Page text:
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Persia and Byzantium

  1. Geoffrey Greatrex

Published Online: 26 OCT 2012

DOI: 10.1002/9781444338386.wbeah03188

The Encyclopedia of Ancient History

How to Cite

Greatrex, G. 2012. Persia and Byzantium. The Encyclopedia of Ancient History. .

Publication History

  1. Published Online: 26 OCT 2012

From the 320s to the 630s ce, the two greatest powers of the Near East comprised the Eastern Roman Empire, otherwise known as Byzantium, and Sasanian Iran. Each side recognized the other's power and, until the seventh century, neither attempted to destroy the other. Although these three centuries were marked by repeated bouts of warfare, increasingly so in the sixth century, the two powers were able to conduct high-level negotiations, conclude peace treaties, and even on occasion to collaborate.

Byzantine emperors in the fourth century still harbored ambitions of conquering Persia. Constantine I (Flavius Valerius Constantinus Augustus), however, died before setting off on campaign; his son's successor, Julian (361–363), undertook a large expedition to Lower Mesopotamia but died in the course of a costly retreat. His successor, Jovian (363–364), was forced to agree to terms dictated by Shapur II (309–379). The Byzantines were obliged to withdraw from Nisibis and Upper Mesopotamia and to grant the Persians a free hand in Armenia. A boundary was established between the two powers in Upper Mesopotamia, the most frequent field of conflict, and this frontier remained more or less fixed until the seventh century. Persian attempts to gain a decisive advantage in Armenia and Iberia (modern Georgia) were thwarted by the emperor Valens (364–378), leading ultimately to the definitive partition of the former between Byzantine- and Persian-backed kings in 387. The resolution of this source of discord ushered in a lengthy period of peace, broken only by a brief war in 421–422 and a minor Persian incursion in 440. Both powers had huge problems of their own to contend with in the fifth century and were thus content to maintain peaceful relations. The Persians, hit by invaders from the central Asian steppes, frequently turned to the Byzantines for financial assistance; in some cases, they received it, although there is no reason to suppose that the Byzantines were obliged to furnish it.

Prolonged hostilities resumed at the start of the sixth century. The Persian king Kavad, just restored to his throne by the Hephthalites, desperately needed funds to reward his allies. When the emperor Anastasios I (491–518) refused his repeated demands for subsidies, Kavad seized several Roman cities and plundered Byzantine territories. In response, the Byzantines mobilized an army and soon regained the initiative. Kavad was forced to agree to terms and proved unable to prevent the Byzantines from building a significant new fortress on the frontier, Dara. Despite this conflict, enough trust remained to induce Kavad to ask Justin I (518–527) to adopt his son Chosroes I (531–579), in order to guarantee his succession to the Persian throne. The request was denied, sparking a further round of inconclusive hostilities, culminating in the Eternal Peace of 532, by which Justinian I (527–565) agreed to make one lump-sum payment to the Persians to secure the permanent security of the eastern frontier. In 540, however, Chosroes took advantage of the weakening of Byzantine defenses, caused by troops being transferred to Italy and north Africa, and captured numerous Roman cities, including Antioch itself. Notwithstanding a series of truces, fighting continued until 561, confined mostly to the Caucasus. A further peace was then concluded, this time securing the tranquility of Byzantium's eastern frontier through annual payments to the Persians.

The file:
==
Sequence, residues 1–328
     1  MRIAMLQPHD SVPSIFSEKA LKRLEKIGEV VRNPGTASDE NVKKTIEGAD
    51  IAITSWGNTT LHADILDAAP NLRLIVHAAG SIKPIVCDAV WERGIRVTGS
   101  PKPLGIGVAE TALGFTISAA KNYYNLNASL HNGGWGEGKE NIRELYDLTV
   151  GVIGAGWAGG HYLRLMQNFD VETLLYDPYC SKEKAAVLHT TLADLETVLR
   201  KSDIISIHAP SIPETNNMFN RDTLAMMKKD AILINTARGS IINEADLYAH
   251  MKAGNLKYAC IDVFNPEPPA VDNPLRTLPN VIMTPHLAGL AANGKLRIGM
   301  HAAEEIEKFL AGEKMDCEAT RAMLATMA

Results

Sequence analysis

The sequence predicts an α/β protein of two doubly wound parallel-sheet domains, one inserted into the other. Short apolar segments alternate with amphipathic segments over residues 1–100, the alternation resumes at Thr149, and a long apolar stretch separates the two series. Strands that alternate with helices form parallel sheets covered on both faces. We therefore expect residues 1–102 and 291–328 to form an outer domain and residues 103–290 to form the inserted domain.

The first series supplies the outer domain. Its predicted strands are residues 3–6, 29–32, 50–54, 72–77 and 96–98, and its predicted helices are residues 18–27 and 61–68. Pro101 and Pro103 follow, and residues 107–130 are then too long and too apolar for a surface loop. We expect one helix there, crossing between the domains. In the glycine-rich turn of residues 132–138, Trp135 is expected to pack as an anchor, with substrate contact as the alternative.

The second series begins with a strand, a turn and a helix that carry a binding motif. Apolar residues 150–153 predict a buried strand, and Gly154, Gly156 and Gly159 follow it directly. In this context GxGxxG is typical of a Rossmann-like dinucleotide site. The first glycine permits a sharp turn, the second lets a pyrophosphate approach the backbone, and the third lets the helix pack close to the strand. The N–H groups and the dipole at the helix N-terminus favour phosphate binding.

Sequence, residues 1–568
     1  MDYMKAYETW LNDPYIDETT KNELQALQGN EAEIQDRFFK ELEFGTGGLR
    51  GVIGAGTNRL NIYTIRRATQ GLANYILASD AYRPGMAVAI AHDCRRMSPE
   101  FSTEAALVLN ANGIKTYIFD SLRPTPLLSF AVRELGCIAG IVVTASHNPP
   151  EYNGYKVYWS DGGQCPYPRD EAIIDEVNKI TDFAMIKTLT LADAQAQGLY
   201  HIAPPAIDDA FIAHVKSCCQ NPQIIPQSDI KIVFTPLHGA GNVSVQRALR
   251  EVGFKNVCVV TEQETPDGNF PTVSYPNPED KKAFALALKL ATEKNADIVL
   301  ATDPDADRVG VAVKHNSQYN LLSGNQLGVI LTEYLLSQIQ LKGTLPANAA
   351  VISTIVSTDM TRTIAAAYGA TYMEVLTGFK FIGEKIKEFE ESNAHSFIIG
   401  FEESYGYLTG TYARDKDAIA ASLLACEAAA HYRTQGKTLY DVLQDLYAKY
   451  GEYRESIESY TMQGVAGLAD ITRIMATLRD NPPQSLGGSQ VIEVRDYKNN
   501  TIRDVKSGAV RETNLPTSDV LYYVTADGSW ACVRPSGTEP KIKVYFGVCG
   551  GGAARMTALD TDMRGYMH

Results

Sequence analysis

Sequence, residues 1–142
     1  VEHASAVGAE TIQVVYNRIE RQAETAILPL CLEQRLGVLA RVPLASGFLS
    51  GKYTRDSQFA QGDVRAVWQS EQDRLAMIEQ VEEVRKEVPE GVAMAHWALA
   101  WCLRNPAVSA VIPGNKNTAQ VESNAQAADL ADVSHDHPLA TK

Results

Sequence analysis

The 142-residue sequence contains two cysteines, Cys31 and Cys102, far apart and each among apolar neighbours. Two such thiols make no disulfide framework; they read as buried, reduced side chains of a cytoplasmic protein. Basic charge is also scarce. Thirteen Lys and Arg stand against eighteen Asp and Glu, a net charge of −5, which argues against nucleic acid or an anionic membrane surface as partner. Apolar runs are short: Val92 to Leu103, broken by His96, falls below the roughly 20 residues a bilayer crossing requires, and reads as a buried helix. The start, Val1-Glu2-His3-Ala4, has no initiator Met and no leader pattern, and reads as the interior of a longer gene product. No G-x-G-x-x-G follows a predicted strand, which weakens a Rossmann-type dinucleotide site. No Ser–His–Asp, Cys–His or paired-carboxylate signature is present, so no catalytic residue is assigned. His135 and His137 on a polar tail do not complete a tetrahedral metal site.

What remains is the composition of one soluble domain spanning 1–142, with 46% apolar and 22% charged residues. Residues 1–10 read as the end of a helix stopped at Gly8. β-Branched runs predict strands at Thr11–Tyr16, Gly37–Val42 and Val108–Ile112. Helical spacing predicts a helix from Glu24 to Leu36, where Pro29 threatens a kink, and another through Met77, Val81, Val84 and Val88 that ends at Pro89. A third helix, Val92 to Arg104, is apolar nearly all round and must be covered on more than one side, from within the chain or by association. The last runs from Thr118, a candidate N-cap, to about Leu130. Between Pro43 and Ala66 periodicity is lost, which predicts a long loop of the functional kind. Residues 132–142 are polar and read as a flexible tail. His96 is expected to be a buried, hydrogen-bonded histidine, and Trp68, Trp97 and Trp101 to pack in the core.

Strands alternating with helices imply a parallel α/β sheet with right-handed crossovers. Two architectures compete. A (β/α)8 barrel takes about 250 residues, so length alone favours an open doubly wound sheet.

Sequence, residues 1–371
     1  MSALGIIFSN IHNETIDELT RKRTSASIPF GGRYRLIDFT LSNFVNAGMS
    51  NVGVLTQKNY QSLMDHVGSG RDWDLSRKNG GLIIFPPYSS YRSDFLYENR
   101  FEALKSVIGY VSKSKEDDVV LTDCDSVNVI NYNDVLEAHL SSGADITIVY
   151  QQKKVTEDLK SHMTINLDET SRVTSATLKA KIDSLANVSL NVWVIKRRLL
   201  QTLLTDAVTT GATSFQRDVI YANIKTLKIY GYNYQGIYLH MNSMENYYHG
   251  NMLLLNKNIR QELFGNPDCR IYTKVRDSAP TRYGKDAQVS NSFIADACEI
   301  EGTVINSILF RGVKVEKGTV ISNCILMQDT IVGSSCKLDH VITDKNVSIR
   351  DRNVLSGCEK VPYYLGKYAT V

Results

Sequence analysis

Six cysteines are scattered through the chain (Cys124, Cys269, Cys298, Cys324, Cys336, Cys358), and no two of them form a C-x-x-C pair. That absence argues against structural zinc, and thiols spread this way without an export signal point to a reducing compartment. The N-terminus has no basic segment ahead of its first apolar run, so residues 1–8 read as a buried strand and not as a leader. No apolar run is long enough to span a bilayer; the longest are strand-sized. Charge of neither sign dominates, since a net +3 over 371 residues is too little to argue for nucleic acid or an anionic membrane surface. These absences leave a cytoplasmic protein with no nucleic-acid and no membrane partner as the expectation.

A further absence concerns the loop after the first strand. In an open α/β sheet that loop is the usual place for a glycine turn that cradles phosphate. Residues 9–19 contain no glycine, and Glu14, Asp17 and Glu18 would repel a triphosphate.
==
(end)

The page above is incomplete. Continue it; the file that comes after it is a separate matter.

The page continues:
This arrangement held good for only ten years. Justin II (565–578) found it shameful, since it could be portrayed as a sort of tribute payment to the Persians. Encouraged by diplomatic overtures from the Turks, then arriving in central Asia, he launched a new war in 572. The Persians swiftly gained the upper hand in the struggle, capturing Dara, but internal instability precipitated the fall of Hormisdas IV (579–590). When the emperor Maurice (581–602) gave decisive backing to Hormisdas’ son, Chosroes II (590–628), allowing him to seize power in Iran, the war was brought to an end on favorable terms to the Byzantines in 591. But the overthrow of Maurice in 602 gave Chosroes the pretext to intervene in Roman territory, posing as the emperor's avenger. Persian armies gradually took over all Byzantium's eastern provinces, penetrating as far as Constantinople in 626, and annexing Egypt. Only in the 620s was Herakleios (610–641) able to muster a force capable of outmaneuvering the Persians in the Caucasus and striking to the heart of the Persian kingdom. He thus caused Chosroes’ downfall in 628 and the withdrawal of Persian forces from the Roman Empire. The Byzantine victory in this final, paroxysmic conflict was overshadowed by the Islamic conquest of the whole Near East in the following decades.

References and Suggested Readings

  1. Top of page
  2. References and Suggested Readings
  • Dignas, B. and Winter, E. (2007) Rome and Persia in Late Antiquity. Cambridge.
  • Dodgeon, M. and Lieu, S. N. C. (1991) The Roman eastern frontier and the Persian Wars, AD 226–363. London.
  • Greatrex, G. and Lieu, S. N. C. (2002) The Roman eastern frontier and the Persian Wars, ad 363–630. London.
  • Howard-Johnston, J. D. (2006) East Rome, Sasanian Persia and the end of Antiquity: historiographical and historical studies. Aldershot.